Rajaji Tiger Reserve , comprising of varied ecosystems like grasslands, river in forests and the slopes of the Shiwaliks make it a storehouse of floral and faunal diversity. The trees, shrubs, orchids, fungi, mammals, birds, amphibians, reptiles and insects make exploring the reserve an adventurous experience. Rajaji represents floral elements of both the Himalayan and the Upper Gangetic Plains. Owing to its location between both these bio- geographic regions, it is home to one of the most diverse ranges of wildlife habitats in the country. The eight major forests types including the Western Gangetic Moist, Northern Dry Deciduous and Khair-Sissoo forests in the southern slopes, the Low Alluvial Savannah Woodlands in the southern margins of the reserve, and the Shiwalik Chir-Pine forests in the higher reaches of the hills makes this area rich of bio diversity.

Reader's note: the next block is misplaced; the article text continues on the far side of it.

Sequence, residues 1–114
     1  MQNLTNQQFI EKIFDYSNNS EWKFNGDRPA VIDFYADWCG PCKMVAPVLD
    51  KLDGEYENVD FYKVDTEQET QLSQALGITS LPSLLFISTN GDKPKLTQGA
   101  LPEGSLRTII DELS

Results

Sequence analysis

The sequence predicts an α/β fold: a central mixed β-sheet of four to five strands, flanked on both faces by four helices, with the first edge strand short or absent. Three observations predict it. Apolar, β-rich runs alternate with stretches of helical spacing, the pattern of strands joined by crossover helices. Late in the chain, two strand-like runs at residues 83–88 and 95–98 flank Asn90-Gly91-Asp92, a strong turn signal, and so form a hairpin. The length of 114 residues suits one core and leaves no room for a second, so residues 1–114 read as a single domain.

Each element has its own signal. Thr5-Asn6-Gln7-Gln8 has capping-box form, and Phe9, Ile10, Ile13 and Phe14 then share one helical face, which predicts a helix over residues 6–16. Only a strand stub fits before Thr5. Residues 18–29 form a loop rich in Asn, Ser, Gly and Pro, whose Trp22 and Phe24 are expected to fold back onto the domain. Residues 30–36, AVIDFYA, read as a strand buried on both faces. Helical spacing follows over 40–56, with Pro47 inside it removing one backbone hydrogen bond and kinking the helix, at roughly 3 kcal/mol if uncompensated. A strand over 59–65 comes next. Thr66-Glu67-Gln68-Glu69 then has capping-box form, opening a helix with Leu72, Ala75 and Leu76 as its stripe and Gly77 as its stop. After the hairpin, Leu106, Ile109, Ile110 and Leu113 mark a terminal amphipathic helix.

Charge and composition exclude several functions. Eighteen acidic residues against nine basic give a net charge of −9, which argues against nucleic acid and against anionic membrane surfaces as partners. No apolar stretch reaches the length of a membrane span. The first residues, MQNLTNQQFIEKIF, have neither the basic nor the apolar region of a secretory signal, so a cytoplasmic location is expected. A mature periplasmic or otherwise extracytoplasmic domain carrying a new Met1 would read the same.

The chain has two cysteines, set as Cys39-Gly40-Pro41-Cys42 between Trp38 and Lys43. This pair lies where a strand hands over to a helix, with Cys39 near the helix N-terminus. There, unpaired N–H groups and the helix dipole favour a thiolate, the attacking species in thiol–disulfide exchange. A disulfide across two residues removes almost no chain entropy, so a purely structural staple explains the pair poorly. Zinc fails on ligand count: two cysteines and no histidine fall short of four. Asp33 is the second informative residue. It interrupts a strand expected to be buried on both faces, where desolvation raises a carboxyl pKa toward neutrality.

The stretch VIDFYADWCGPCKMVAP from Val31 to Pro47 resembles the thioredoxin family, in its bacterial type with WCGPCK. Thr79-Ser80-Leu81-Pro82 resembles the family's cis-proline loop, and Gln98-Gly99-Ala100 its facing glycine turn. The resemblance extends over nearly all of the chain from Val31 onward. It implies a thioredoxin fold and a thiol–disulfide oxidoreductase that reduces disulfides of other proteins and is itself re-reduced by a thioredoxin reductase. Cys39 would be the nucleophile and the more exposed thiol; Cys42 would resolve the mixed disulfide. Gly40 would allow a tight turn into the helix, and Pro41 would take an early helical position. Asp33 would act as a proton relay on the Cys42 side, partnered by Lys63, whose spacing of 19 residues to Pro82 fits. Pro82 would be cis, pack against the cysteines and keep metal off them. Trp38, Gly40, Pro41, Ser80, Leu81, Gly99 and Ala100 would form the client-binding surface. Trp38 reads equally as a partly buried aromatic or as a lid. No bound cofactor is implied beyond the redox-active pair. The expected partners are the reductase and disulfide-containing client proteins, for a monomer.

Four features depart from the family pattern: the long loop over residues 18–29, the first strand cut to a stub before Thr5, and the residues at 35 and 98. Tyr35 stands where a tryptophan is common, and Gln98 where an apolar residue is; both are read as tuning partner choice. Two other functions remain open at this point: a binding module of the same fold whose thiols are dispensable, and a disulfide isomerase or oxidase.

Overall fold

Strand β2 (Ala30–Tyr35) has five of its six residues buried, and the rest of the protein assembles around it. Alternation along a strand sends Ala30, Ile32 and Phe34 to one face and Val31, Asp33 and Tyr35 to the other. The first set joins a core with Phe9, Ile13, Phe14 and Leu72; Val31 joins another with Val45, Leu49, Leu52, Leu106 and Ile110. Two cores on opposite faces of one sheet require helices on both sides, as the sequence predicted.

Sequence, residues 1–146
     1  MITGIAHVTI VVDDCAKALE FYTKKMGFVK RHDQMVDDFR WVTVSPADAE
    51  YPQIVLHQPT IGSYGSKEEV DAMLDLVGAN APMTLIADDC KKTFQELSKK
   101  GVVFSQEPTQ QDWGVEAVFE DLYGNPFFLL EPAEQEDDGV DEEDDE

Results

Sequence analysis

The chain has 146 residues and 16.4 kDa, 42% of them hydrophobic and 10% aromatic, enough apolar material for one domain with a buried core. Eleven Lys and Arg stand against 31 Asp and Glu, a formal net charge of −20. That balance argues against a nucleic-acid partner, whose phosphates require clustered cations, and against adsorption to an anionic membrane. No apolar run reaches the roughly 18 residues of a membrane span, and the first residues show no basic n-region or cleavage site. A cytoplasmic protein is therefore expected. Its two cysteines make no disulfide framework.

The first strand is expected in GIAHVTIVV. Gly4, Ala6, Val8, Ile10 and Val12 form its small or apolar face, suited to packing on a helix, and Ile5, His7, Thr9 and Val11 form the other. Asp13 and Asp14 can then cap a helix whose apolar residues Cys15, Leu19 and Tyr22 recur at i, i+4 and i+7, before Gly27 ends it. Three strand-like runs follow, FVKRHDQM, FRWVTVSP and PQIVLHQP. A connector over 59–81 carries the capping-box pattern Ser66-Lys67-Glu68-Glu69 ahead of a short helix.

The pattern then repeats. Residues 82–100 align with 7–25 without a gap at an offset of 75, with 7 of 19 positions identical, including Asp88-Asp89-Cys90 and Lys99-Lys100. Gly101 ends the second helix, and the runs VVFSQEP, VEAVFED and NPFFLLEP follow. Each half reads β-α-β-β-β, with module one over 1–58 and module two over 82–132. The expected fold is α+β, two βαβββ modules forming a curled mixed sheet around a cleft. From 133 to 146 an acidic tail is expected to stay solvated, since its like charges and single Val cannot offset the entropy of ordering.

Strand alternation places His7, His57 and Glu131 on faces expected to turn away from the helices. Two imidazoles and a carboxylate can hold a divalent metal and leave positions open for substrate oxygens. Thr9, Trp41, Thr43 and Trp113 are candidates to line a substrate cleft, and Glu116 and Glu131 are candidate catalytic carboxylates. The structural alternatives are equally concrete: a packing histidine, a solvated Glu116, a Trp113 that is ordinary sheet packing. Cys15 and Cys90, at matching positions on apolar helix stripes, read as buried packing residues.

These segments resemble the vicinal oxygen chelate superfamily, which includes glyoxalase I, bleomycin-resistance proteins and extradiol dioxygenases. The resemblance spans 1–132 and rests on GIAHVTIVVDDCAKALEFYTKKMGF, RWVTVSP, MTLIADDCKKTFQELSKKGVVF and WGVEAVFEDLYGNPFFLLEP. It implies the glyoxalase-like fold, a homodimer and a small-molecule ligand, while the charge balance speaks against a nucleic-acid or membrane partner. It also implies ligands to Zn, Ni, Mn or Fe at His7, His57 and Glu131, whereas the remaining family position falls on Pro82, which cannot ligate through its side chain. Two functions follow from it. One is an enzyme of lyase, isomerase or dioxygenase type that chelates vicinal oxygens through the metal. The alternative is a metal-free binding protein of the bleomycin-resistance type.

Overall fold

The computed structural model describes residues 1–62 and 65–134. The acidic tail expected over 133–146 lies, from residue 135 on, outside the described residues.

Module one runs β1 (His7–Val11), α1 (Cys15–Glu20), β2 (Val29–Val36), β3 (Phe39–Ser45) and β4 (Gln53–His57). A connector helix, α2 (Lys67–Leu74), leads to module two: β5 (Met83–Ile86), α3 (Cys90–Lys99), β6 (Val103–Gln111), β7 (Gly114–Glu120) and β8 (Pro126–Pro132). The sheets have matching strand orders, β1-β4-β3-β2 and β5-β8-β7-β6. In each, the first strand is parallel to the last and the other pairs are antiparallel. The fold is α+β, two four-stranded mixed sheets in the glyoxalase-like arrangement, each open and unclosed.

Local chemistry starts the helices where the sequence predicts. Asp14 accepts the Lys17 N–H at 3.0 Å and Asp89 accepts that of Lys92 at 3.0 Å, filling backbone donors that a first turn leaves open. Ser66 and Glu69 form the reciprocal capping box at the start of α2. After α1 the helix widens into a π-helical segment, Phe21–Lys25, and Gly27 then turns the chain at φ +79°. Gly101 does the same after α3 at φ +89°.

The majestic sal along with its associates dominates most of the forests in the gentler northern slopes of Rajaji Tiger Reserve. Some trees grow up to 80ft with a girth of 5 ft. The sal trees shed their leaves between February to March and soon changes hues from brownish red to pale green to dark green. During March and April the forest is filled with the mild scent of the sal trees in full blossom. There are a lot of fruit bearing trees which are a treat to watch with several birds and animals feeding on them. The fruits of the harar and behera trees are eaten by birds and animals ranging from elephants to mice. Jamun, Chilla, Ber, Lassora, Aonla, Ficus, Bel, Sisham are few out of the 30 species of fruit-bearing trees found in reserve. Rajaji National Park also harbours some of the rare and threatened plants which include Catamixis baccharoides (Asteraceae), Eremostachys superba (Lamiaceae), Euphorbia fusiformis (Euphorbiaceae), gloriosa superba (Colchicaceae) etc.